Enbridge resumes partial operation of Line 5, Gov. calls for another shutdown, review
Enbridge has resumed partial operation of Line 5 under the Straits of Mackinac, a company spokesman said Saturday, despite the request of Gov. Gretchen Whitmer to keep the pipeline shut down.
Line 5 was shut down by the company on Thursday after "significant damage" was discovered in an anchor support during routine maintenance.
Whitmer on Saturday sent a second letter to Al Monaco, CEO of Enbridge, asking the company immediately shut down the dual pipeline running through the Straits of Mackinac until the damage is investigated, assessed and preventative measures are put in place, according to a release from the governor's office.
“Given the gravity of this matter, I was taken aback to learn the company has unilaterally resumed operation of the west leg without even opportunity for discussion,” said Governor Whitmer. “At this moment, Enbridge is pumping crude through the Great Lakes on state-owned bottomlands without any explanation for the cause of this damage to the pipeline structure and no assurance that Enbridge has taken sufficient steps to mitigate future harm.
"This disregard for the safety and well-being of our Great Lakes, and Enbridge’s due care obligations under the 1953 Easement, is unacceptable.”
In addition to Whitmer's request, she also asked Enbridge to provide a full report as to the cause of the damage and measures Enbridge will put in place to prevent it from happening again, according to the release.
Once the state, or a third-party selected by the state, has reviewed the information, the state and Enbridge can discuss when normal operations can resume, the release said.
When operating, Line 5 transports up to 540,000 barrels per day of light crude oil, light synthetic crude, and natural gas liquids, according to Enbridge.
Operation of the west leg of the pipeline was restarted at about 2 p.m. Saturday, after inspections by a remote-operated vehicle determined there was no damage to that part of Line 5, according to Enbridge spokesman Ryan Duffy.
Line 5 in the Straits consists of two 20-inch pipelines, an east leg and west leg. The legs run parallel to each other for four-and-a-half miles across the lake bed, Duffy noted.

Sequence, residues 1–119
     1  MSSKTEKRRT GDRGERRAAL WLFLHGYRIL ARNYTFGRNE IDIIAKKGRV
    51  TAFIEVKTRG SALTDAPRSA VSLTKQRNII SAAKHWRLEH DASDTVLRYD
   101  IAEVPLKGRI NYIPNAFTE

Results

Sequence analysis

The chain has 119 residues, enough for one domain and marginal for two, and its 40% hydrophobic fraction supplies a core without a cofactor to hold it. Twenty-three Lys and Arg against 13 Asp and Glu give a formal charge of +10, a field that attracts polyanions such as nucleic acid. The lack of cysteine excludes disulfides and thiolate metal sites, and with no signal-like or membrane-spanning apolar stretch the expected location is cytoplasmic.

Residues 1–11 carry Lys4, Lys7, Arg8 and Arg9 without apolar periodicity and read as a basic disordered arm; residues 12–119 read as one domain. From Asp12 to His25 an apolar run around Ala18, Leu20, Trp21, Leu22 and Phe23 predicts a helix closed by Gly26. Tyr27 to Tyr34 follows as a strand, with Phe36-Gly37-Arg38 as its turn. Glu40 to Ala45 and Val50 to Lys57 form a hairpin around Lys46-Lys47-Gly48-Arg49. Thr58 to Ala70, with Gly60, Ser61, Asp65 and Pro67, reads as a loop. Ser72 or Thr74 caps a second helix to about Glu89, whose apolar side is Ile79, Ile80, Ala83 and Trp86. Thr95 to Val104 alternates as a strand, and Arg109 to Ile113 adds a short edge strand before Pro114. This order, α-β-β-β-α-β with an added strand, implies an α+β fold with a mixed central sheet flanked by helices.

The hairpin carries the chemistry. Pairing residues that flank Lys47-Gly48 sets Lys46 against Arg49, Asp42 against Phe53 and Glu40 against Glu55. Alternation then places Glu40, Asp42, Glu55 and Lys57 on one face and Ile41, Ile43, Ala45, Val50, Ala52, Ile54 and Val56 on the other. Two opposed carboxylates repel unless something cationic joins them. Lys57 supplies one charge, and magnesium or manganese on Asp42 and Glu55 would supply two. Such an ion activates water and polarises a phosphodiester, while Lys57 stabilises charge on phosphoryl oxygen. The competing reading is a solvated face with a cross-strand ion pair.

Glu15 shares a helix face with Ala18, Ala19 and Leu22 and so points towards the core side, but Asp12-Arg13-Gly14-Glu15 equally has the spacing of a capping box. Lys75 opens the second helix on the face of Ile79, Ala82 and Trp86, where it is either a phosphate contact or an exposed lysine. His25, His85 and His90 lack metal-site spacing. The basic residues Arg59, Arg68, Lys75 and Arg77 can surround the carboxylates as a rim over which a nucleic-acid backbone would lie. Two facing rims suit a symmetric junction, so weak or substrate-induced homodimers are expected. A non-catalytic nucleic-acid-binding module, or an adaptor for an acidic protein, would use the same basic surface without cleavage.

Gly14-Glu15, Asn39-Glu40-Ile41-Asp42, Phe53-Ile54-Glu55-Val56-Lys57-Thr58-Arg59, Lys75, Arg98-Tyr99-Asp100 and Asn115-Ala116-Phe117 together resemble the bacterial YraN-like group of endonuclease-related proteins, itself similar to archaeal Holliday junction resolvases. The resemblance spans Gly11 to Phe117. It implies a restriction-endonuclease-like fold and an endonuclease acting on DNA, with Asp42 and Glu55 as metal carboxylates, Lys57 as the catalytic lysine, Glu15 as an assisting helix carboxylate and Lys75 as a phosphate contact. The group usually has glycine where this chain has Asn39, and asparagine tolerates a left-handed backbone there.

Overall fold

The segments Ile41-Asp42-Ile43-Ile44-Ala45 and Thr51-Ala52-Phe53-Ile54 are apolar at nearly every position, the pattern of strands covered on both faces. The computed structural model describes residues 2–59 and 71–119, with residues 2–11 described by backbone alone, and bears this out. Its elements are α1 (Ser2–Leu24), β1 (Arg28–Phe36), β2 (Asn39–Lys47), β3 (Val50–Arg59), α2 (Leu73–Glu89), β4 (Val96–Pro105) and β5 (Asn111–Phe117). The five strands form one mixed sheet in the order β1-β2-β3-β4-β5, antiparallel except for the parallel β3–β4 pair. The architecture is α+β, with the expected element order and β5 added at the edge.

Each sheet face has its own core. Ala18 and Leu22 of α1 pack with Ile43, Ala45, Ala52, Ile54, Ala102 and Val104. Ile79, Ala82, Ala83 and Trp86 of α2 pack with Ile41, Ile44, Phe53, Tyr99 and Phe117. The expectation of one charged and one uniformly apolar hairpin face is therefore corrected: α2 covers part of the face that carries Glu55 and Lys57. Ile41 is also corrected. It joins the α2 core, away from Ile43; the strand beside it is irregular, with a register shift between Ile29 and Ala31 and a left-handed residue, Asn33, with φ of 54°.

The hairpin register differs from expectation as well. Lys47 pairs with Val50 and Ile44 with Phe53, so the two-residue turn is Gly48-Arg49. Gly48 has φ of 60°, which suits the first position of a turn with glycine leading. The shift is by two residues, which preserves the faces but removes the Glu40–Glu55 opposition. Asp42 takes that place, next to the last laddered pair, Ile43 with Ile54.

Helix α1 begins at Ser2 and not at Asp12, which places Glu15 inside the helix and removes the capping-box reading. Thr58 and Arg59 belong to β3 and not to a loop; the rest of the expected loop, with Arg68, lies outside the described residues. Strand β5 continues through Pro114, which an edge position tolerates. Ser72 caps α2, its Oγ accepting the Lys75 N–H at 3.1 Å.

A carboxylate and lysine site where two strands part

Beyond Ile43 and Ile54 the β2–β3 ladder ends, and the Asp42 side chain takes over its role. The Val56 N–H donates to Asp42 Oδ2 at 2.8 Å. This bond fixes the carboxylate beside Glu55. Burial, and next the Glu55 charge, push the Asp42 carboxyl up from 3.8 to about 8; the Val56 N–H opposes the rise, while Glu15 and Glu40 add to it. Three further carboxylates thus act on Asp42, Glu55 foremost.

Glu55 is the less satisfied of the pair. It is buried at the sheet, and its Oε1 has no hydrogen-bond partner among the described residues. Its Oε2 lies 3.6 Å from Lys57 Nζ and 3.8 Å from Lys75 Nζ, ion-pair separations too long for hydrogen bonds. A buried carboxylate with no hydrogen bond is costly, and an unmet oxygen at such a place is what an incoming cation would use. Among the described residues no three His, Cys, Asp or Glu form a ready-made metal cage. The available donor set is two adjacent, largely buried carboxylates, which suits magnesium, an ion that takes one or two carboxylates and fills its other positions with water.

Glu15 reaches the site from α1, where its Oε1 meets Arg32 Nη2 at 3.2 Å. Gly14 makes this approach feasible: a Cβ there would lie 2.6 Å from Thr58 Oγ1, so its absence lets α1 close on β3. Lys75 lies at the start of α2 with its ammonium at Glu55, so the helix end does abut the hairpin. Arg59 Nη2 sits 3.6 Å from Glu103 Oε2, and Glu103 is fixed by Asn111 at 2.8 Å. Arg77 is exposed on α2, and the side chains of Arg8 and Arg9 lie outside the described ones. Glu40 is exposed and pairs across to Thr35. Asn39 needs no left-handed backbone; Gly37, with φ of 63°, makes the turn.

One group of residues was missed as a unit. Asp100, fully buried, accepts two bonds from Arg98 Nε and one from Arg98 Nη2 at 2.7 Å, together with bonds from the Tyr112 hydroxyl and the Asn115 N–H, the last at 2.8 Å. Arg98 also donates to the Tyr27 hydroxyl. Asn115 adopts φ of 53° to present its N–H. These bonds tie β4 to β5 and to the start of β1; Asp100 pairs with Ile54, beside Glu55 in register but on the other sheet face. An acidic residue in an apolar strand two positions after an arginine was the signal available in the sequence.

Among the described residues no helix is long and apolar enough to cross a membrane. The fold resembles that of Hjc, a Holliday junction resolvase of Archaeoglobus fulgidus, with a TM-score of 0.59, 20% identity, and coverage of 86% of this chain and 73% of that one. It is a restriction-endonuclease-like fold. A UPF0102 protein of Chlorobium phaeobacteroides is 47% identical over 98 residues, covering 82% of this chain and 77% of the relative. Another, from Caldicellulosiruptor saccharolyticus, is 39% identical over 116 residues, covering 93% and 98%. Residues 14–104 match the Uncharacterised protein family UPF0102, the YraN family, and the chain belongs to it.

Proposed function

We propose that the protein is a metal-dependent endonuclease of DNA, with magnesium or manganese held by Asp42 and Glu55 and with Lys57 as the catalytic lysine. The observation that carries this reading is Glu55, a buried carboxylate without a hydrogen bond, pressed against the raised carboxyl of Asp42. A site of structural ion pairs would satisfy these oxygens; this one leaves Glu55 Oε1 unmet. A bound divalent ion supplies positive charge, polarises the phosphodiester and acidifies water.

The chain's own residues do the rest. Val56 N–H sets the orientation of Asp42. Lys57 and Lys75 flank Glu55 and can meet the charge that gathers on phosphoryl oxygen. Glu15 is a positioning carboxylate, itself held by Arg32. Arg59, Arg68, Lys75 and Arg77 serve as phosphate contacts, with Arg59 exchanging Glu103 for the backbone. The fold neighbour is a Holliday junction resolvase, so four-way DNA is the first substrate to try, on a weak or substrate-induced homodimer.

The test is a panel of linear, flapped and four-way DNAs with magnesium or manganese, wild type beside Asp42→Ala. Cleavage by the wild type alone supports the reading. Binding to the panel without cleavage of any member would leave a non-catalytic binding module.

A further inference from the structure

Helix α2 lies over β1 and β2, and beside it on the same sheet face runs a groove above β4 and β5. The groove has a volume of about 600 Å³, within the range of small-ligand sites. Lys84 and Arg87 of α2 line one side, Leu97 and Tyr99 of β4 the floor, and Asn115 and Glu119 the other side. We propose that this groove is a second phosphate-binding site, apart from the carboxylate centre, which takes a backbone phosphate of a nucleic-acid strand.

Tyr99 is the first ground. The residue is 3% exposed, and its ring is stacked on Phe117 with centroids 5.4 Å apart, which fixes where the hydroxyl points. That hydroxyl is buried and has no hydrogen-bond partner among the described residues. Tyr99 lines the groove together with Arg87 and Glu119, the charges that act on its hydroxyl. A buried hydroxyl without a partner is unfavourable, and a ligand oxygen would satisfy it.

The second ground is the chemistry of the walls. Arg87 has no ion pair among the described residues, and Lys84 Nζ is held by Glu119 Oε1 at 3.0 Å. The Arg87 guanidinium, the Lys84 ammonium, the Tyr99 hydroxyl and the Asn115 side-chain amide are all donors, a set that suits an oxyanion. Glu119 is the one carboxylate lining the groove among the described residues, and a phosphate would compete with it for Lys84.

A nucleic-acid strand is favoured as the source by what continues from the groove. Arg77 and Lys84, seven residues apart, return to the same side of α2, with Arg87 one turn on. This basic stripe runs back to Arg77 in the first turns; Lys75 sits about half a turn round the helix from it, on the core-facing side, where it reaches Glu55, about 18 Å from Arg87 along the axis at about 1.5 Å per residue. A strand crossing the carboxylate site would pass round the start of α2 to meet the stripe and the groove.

"The issue with the screw anchor assembly observed on Thursday is isolated to the east leg, which we will continue to investigate and evaluate over the weekend," he said in an email to The Detroit News.
"The east leg will remain shut down. Our federal regulator, PHMSA (Pipeline and Hazardous Materials Safety Administration), has no objections to this plan."
In a letter to Monaco on Friday, Whitmer said the damage to the anchor support was reported to the state on Thursday night. Whitmer's office released the letter Friday evening.
According to Duffy, the company discovered during seasonal maintenance that a screw anchor support had shifted from its original position.
"There was no damage to the pipeline itself," Duffy said. "There are about 200 of these anchor supports."
The pipeline was totally shut down as a precaution while the entire pipeline was inspected by divers and with remotely operated vehicles, he added.
In her letter on Friday, the governor requested Enbridge turn over "all relevant information about this most recent damage."
Whitmer also asked the company to "provide affirmative evidence, including appropriate diagnostic testing, that establishes the integrity of the dual pipelines in the Straits of Mackinac."
Monaco responded to Whitmer on Saturday, and confirmed that Enbridge is committed to sharing what is learned about the incident with the screw anchor assembly on the east leg with PHMSA and the state of Michigan, Duffy said.
News of the shutdown was the latest development in a years-long debate about the 66-year-old Line 5 in the Straits of Mackinac as environmental groups have voiced concern about the potential for a rupture and called for the line to be shuttered.